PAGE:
Professor Huajian Gao to Receive Nadai Medal

Nadai medalBrown University Professor of Engineering Huajian Gao has been selected to receive the 2015 Nadai Medal from the American Society of Mechanical Engineers (ASME) for groundbreaking contributions to hierarchical nanotwinned metals, energy storage materials, metallic glasses, and diffusional creep of metal thin films.

The award will be presented at the Materials Division Award Ceremony during the 2015 ASME Mechanical Engineering Congress & Exposition, November 13-19, in Houston, Texas. Gao will also deliver the Nadai Medal Lecture during the Materials Division award ceremony.

The Nadai Medal is awarded in recognition of significant contributions and outstanding achievements which broaden the field of materials engineering. It was established in 1975 to honor Arpad L. Nadai, who was a pioneer in the field of engineering materials, contributing particularly to the area of plasticity. His perspective also enabled him to give strong impetus to development in fatigue and high temperature behavior. Previous Brown faculty and alumni that have won the Nadai Medal include: George J. Dvorak Ph.D. '69 (1992), James R. Rice (1996), L. Ben Freund (2009), and Subra Suresh (2011).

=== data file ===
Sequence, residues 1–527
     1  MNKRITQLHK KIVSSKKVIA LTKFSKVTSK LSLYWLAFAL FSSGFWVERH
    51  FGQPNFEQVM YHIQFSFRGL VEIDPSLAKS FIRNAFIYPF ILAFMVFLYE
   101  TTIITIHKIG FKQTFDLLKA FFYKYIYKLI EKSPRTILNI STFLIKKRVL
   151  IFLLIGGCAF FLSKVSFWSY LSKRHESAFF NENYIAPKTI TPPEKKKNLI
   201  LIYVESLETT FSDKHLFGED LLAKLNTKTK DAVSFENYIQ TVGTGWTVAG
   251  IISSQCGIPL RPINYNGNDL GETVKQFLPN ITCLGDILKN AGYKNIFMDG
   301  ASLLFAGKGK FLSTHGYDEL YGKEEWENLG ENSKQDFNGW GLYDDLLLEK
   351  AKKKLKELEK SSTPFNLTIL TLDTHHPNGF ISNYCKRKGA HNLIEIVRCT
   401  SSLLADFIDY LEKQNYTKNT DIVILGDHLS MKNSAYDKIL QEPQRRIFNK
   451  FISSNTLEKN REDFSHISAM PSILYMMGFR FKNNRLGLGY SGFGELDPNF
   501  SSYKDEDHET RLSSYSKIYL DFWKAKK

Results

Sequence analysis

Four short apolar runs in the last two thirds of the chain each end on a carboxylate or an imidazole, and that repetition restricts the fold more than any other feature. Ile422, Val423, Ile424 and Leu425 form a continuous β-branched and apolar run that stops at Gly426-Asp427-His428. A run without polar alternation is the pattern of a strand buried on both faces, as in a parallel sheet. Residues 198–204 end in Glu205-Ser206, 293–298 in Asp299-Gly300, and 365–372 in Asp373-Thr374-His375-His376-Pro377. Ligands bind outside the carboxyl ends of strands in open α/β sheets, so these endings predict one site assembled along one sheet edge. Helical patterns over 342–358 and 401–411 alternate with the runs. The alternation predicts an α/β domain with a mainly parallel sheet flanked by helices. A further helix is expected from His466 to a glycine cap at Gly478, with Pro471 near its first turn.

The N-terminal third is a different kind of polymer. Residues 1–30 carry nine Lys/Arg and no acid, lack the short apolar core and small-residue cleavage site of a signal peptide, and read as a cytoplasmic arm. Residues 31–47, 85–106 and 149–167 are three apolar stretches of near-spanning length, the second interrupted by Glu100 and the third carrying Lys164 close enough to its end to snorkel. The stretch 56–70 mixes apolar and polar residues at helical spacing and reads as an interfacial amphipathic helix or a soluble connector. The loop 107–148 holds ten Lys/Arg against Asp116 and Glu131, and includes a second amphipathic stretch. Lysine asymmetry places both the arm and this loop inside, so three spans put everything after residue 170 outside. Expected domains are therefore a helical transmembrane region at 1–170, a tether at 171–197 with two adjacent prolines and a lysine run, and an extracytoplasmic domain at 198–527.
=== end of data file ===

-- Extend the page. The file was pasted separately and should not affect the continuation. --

Professor Gao received his B.S. degree from Xian Jiaotong University of China in 1982, and his M.S. and Ph.D. degrees in engineering science from Harvard University in 1984 and 1988, respectively. He served on the faculty of Stanford University between 1988 and 2002, where he was promoted to associate professor with tenure in 1994 and to full professor in 2000. He was appointed as Director and Professor at the Max Planck Institute for Metals Research in Stuttgart, Germany between 2001 and 2006. He joined Brown University in 2006. Professor Gao has a background in applied mechanics and engineering science. He has more than 25 years of research experience and more than 300 publications to his credit. Gao was elected to the National Academy of Engineering in 2012.

Professor Gao's research group is generally interested in understanding the basic principles that control mechanical properties and behaviors of both engineering and biological systems. His research spans over solid mechanics, nanomechanics, and biomechanics. He works on mechanics of thin films and hierarchically structured materials, mechanics of biological and bio-inspired materials, mechanics of nanostructured and nanotwinned materials, mechanics of cell adhesion, mechanics of cell-nanomaterials interactions, mechanics of energy storage systems, and mechanics of metallic glasses.